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Old   February 23, 2006, 10:12
Default Fractional Step Method interpretation
Jean-François Corbett
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Dear all,

I am using the Fractional Step Method (FSM) for the first time, so I am really just trying to understand how it normally behaves. Despite some effort, I still cannot get it to work as it presumably should.

In accordance with (Perot 1993, 1995) and (Zang, Street & Koseff, 1994), I discretize the equations before performing the FSM factorization. In practice, this means that the boundary conditions chosen for the velocity u are applied to u*; is this right? So if, as in my case, you have no-slip at the bottom and a Dirichlet (e.g. u=u0) at the top, then u* will tend toward zero at the bottom and toward u0 at the top. (Perhaps this is where my interpretation is wrong?)

Then comes the pressure correction. If you already have u* tending toward 0 on the surface, then that would mean grad(p) should also tend toward 0 on the surface to yield u=0, i.e. constant pressure on the surface. As you point out, this does not make sense. How is one then supposed to apply the fractional step method?

By the way, I use a non-staggered, non-orthogonal grid.

Thanks in advance for your help!


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Old   February 27, 2006, 18:32
Default Re: Fractional Step Method interpretation
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>In practice, this means that the boundary conditions chosen for the velocity u are applied to u*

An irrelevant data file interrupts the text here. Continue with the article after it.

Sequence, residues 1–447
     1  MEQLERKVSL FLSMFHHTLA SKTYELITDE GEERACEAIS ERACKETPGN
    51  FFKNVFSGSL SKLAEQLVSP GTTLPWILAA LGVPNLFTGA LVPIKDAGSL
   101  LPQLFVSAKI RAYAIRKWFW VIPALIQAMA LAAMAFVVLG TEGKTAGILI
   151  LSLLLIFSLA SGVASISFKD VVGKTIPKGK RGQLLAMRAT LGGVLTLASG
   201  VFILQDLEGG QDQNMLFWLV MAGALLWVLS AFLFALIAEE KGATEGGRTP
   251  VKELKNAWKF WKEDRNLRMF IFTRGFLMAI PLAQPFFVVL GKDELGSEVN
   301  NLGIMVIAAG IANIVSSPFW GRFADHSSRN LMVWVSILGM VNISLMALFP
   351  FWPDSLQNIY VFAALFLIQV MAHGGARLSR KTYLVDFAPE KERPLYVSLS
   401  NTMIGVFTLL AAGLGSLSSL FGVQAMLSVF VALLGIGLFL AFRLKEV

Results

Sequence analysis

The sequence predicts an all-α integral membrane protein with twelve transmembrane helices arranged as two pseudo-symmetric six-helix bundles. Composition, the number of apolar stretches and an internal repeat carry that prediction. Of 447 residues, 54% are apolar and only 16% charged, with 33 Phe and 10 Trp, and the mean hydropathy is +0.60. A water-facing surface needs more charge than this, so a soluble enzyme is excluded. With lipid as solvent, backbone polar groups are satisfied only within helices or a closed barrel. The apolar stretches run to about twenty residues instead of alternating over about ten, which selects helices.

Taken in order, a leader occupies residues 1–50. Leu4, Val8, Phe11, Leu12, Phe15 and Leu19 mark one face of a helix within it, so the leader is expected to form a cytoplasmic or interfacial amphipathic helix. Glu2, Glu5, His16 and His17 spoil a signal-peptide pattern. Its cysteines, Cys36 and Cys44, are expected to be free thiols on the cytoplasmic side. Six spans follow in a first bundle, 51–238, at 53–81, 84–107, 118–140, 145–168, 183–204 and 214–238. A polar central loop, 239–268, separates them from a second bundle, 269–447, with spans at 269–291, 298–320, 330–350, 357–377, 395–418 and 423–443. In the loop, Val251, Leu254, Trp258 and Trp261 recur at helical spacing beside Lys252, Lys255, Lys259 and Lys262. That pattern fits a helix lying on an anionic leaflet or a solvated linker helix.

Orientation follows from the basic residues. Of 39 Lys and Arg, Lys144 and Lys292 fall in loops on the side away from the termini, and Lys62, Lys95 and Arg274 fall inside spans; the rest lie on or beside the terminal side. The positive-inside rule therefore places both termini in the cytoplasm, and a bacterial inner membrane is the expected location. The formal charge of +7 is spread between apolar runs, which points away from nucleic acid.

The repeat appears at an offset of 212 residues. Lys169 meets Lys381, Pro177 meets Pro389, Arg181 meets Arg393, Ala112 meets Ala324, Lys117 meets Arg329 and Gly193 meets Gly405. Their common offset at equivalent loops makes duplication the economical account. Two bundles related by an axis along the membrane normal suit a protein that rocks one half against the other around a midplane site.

Correct. Both of the B.C.'s you describe are Dirichlet.

>By the way, I use a non-staggered, non-orthogonal grid.

The non-staggered grid is probably the issue. Many of the fraction step/pressure correction methods have issues (like limitation to normal velocity B.C.'s, for example) if you try to use a non-staggered discretization. There are some versions that stagger only some of the flow variables, but I'm not sure if these methods are still in use.

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Old   March 1, 2006, 11:38
Default Re: Fractional Step Method interpretation
Frederic Felten
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I have an article that I wrote (currently in press for the Journal of Computational Physics) where I spend some time really explaining the steps one has to follow with the fractional step method using a non-staggered, curvilinear, Finite volume approach. In addition, I discuss conservation issues (that might also be of interest to you).

Therefore, shoot me an email at so that I could email you my paper.


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